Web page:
The Mysterious Deaths of Don Henry and Kevin Ives
The deaths of two teenage boys in Bryant, Arkansas have stumped forensic investigators and their families since their disappearance in 1987. Was it a coverup? Was foul play involved? You decide. Here is their story:
August 23, 1987
Best friends 16-year-old Don Henry and 17-year-old Kevin Ives decide to go night hunting just before midnight.
The boys traveled to a wooded area near Don's home along the railroad tracks in Byrant, Arkansas.
Four hours later, a 75-car, 6,000 ton cargo train making taking its regular nightly route to Little Rock ran over the boys, as they were laying on the railroad tracks. The train engineer, Stephen Shroyer, noticed the two boys as the train drew closer. He blew the train's horn, but the boys never moved from their place on the track. Immediately, Stephen tried to stop the train, but it was too late. The train had run over the boys. The train was supposedly traveling over 50 miles per hour so the train was unable to stop in time.
The Arkansas State medical examiner, Dr. Fahmy Malak, was the first person to inspect the bodies. Dr. Malak's reason for cause of death was being under the influence of marijuana. He believed that the boys had smoked so much that they both put themselves in a drug-induced coma. Their deaths were ruled as accidental, as he believed that they were so out of it at the time, that they had laid on the railroad tracks and were unable to move. Of course, no one believed in Dr. Malak's cause of death.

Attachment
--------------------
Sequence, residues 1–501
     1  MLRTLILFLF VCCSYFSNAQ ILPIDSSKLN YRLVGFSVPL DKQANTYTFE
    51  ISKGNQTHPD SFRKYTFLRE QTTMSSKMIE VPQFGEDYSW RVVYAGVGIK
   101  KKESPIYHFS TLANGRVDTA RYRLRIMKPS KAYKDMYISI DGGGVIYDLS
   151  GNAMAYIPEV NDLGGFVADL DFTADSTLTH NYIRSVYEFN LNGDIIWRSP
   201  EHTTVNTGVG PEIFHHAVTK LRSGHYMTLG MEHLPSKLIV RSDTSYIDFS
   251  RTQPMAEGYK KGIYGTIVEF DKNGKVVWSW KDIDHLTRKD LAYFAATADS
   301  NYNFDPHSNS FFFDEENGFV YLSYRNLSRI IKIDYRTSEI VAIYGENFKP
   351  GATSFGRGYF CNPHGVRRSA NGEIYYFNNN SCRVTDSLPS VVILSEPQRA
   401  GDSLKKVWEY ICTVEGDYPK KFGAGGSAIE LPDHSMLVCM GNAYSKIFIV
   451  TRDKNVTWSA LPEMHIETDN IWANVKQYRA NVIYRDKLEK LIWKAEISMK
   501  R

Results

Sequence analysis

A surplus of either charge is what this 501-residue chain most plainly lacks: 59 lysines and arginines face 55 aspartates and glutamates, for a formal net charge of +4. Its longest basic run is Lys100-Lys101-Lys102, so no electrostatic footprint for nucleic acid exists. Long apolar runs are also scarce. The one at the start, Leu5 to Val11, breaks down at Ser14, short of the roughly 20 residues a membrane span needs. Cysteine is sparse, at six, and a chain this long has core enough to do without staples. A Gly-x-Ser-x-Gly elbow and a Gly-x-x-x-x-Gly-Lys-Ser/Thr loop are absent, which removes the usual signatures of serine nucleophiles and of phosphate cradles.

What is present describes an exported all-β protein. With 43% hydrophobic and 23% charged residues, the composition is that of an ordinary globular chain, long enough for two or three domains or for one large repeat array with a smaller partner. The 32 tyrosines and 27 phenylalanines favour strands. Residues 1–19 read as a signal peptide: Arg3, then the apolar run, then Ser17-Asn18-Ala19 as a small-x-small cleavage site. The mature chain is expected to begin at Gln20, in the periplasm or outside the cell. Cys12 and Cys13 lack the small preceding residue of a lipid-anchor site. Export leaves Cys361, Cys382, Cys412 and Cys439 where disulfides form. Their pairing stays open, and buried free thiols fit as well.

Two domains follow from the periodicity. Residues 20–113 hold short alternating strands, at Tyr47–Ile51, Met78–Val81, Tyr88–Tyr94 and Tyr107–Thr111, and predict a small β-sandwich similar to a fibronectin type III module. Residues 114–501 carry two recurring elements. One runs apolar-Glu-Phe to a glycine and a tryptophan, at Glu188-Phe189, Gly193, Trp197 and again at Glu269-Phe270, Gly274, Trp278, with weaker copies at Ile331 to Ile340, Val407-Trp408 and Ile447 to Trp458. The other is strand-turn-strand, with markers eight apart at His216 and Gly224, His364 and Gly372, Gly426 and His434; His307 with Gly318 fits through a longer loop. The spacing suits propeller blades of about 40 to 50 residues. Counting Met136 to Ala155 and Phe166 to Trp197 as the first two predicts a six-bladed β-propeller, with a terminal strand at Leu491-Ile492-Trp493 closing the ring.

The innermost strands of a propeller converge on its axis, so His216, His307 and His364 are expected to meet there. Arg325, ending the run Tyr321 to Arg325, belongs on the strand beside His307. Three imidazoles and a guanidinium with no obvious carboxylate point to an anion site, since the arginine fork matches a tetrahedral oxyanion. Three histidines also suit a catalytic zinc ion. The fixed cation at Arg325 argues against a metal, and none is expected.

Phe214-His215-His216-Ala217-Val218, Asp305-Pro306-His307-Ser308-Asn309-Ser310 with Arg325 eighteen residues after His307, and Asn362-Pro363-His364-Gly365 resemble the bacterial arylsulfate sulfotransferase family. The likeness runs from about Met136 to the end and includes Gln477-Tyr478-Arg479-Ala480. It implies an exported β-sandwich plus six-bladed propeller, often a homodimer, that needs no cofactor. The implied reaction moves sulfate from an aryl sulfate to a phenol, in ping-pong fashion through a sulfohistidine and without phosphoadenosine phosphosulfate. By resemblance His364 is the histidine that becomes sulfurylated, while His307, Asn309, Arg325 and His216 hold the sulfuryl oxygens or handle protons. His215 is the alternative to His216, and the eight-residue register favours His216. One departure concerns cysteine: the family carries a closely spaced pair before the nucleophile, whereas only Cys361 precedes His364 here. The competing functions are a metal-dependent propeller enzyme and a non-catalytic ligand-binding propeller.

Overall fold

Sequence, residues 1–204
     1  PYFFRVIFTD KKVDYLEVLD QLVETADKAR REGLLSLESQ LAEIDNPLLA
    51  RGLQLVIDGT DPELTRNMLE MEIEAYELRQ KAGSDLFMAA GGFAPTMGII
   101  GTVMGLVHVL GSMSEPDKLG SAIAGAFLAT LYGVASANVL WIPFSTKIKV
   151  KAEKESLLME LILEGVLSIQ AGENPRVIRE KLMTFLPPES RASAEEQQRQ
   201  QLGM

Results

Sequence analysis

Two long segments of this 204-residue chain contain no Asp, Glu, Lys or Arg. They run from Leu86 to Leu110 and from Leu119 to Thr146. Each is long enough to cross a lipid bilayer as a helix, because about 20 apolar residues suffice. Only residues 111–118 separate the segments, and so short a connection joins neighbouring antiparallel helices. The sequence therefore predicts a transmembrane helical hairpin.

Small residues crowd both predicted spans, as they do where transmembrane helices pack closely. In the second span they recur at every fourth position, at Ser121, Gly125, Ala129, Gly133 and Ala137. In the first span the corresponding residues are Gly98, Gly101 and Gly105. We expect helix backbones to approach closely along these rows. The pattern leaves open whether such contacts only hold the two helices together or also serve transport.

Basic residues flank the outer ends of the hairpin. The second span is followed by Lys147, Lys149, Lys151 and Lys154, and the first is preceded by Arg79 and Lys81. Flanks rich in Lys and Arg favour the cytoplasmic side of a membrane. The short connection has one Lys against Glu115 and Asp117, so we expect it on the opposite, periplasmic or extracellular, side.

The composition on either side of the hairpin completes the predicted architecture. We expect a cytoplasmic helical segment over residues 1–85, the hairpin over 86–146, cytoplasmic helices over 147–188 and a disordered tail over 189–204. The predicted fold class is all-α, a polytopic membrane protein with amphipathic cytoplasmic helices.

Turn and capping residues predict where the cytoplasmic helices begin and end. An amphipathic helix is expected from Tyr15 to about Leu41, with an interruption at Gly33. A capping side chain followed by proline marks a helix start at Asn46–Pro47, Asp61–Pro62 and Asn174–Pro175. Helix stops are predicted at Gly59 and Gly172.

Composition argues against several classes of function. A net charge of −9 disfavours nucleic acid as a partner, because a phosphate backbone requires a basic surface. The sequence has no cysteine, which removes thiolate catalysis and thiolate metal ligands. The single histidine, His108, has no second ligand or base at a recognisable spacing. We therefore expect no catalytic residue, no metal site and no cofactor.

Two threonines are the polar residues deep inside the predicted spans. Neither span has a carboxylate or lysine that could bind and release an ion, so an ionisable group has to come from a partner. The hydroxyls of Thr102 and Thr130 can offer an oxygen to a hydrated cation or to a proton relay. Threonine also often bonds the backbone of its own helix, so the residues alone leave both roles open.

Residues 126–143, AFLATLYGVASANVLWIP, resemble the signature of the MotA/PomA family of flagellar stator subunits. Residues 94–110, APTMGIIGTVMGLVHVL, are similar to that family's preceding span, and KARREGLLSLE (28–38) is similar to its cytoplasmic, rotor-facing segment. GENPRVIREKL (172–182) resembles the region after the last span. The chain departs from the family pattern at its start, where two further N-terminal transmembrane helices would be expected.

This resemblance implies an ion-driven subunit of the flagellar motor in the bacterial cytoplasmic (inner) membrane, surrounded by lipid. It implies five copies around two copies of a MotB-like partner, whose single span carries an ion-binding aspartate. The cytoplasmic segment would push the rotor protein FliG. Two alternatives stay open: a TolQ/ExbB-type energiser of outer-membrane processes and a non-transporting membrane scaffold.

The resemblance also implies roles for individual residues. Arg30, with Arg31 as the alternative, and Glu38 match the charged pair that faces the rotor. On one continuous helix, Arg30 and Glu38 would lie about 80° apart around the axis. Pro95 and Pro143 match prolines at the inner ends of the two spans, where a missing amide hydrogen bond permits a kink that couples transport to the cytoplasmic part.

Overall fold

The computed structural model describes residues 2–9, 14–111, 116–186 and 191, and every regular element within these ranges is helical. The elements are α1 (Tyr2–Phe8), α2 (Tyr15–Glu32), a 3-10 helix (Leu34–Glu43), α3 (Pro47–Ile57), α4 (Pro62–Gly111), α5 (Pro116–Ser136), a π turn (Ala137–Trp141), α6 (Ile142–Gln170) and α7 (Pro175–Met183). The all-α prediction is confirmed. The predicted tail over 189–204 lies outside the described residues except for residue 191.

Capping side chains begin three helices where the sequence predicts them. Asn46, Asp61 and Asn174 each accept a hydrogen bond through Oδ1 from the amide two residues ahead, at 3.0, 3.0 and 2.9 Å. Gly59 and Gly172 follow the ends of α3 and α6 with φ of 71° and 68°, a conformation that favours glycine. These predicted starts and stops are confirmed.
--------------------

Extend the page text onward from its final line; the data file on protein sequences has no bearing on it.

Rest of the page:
In my opinion, this seems to be a stretch. I personally have never heard of marijuana ever placing anyone in a "drug-induced coma." I have read that marijuana has different affects on those who smoke it, somewhat like how some people become angry when consuming too much alcohol or some people feel tired when they are intoxicated. What are the chances that the marijuana would have the same affects on the two boys? Even to the extent to where both of them fell asleep, couldn't move, and didn't react to the loud sound of a train horn blaring at them from only feet away?
The families had many questions around the boys' deaths so Kevin's family decided to hire a private detective. The private investigator's first place to look for potential answers was the local police department. Strangely, the private investigator was met with resistance from the department, and they seemed reluctant to cooperate or speak about the case. Seeking answers, the boys' families held a press conference in the hopes the police department would reopen their case. The next day, the families got their wish.
Prosecutor Richard Garrett called for the boys' bodies to be exhumed for another autopsy. This time, a new pathologist was responsible for the autopsy. The pathologist had enough evidence to believe that one boy was already dead when he was run over by the train and the other boy was unconscious. He also believed that the boys consumed only a fraction of the marijuana that the state examiner, Dr. Fahmy Malak, stated in his examination. Instead of their deaths being ruled accidental, this was overturned. Their deaths were then ruled "probable homicides."